This panel discussion, which will focus on truth and perception of the U.S.-Mexico border, will feature former Border Patrol agent and Fulbright Scholar Francisco Cantú, whose recently published memoir The Line Becomes a River takes a frontline, first-person look at the border and its issues, and Stephanie Elizondo Griest, whose travel memoirs, especially Mexican Enough: My Life Between the Borderlines and All the Agents and Saints: Dispatches from the U.S. Borderlands, explore the ways in which the imaginary borders we create and maintain can have lasting effects on individuals. This discussion will be moderated by Raúl Lomelí-Azoubel, board chairman of SABEResPODER, an organization dedicated to the empowerment of the U.S. Latinx community. Free, 10-11am (book signing at 11:15am) Sat, Apr. 7, Central Library, Auditorium, 600 Soledad St., festival.saplf.org.
The Most Dangerous Man in America: Timothy Leary, Richard Nixon and the Hunt for the Fugitive King of LSD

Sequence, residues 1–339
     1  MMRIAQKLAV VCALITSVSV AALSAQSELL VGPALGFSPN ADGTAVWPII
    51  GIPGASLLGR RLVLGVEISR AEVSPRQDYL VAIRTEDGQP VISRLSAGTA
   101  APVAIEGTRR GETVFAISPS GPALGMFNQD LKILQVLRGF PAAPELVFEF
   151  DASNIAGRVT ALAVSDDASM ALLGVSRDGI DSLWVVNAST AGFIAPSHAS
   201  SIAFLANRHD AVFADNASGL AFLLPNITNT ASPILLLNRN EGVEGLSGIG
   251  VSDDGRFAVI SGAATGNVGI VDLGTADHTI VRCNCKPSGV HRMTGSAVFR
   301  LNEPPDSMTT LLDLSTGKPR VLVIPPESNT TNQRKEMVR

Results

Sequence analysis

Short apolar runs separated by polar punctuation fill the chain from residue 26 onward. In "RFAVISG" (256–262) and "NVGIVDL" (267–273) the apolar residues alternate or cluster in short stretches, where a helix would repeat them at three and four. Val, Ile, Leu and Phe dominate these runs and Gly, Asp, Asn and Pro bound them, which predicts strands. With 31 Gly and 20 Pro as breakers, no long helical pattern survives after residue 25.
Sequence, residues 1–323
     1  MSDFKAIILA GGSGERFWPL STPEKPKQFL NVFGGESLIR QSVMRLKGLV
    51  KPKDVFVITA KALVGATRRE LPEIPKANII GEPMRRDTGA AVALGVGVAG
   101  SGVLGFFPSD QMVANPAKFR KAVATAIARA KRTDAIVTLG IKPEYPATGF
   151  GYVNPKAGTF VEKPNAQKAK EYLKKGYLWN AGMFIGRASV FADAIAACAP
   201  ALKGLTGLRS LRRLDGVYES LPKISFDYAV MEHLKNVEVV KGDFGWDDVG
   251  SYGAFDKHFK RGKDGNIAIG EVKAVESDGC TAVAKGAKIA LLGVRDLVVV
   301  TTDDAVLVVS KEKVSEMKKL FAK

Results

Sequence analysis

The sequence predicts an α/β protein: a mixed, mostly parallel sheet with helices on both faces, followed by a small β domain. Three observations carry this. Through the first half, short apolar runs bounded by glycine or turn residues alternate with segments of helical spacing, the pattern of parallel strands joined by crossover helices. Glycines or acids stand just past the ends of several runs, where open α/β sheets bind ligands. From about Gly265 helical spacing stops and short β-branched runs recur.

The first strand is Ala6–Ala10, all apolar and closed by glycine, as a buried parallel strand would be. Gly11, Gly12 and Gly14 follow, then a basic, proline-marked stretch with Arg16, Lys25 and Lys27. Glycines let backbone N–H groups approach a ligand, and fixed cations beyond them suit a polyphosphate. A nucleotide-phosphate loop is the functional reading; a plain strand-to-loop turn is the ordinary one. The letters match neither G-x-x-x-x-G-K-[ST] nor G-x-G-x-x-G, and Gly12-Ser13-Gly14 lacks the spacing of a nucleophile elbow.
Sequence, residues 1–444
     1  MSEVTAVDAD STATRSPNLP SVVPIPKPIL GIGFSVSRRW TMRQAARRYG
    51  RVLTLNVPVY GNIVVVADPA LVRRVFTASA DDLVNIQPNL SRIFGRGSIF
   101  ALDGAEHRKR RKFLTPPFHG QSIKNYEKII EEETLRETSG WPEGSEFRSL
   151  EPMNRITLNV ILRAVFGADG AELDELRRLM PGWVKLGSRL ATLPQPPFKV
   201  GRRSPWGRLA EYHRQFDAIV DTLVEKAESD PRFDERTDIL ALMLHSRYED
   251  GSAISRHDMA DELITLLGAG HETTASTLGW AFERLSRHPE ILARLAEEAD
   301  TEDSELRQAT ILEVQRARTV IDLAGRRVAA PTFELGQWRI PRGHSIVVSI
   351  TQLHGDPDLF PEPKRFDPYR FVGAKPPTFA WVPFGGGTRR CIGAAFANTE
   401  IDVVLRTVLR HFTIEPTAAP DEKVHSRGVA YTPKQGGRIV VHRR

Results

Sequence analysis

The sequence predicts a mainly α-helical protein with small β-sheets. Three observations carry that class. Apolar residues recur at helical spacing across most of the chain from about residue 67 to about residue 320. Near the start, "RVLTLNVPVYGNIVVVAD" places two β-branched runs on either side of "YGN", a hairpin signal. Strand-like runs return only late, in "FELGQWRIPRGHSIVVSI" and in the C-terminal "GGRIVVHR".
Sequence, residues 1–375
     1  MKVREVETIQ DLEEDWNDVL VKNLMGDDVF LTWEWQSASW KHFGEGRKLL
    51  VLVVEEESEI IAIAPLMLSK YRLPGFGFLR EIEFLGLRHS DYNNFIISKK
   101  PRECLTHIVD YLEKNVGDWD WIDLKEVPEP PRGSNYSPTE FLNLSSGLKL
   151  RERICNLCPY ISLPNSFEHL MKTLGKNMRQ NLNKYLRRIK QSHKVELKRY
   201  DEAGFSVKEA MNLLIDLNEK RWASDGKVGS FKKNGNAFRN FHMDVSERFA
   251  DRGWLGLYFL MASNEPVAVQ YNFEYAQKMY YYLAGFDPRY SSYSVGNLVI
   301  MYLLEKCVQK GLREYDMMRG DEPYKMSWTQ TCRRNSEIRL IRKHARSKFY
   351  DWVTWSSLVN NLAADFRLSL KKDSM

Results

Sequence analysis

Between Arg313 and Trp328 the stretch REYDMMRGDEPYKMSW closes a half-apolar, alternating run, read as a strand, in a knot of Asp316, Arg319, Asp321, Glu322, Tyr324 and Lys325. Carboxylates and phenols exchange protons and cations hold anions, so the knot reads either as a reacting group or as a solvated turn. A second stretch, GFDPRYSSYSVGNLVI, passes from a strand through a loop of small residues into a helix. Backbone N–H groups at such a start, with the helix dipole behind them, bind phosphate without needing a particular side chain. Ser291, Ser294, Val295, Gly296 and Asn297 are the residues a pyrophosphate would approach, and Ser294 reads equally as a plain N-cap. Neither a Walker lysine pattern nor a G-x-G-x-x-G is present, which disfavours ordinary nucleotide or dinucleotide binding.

Of all the books highlighted in this year’s festival, The Most Dangerous Man in America might be the one we’d most like to see turned into a film. Cowritten by the PEN USA Award-winning team of Steven L. Davis and Bill Minutaglio (Dallas 1963), it blends research, interviews and “freshly uncovered primary sources” to create a portrait of America unraveling amid the chaos of the Vietnam era. Not unlike our current reality, it proves that truth can indeed be stranger than fiction. Built around an increasingly unstable (and drunk) President Nixon’s obsession with bringing down the “High Priest of LSD,” the story begins in 1970, the year Leary announced his candidacy for governor of California — only to be arrested for possession of two marijuana cigarettes and sentenced to 10 years in prison. What ensues is a 28-month escapade that encompasses Leary’s escape from prison with assistance from domestic terrorists, his exile in Algeria under the protection of Black Panthers, and his eventually recapture by American agents in Afghanistan. In the words of Pulitzer-winning journalist Glenn Frankel, it’s “more wild, inventive, and sex-drenched than a Dennis Hopper movie.” Moderated by Martin Acevedo, the duo’s San Antonio Book Festival panel is sure to conjure hazy nostalgia for Leary’s “turn on, tune in, drop out” generation. Free, 11:15am-12:15pm (book signing at 12:30pm) Sat, Apr. 7, Central Library, Festival Room, 600 Soledad St., festival.saplf.org.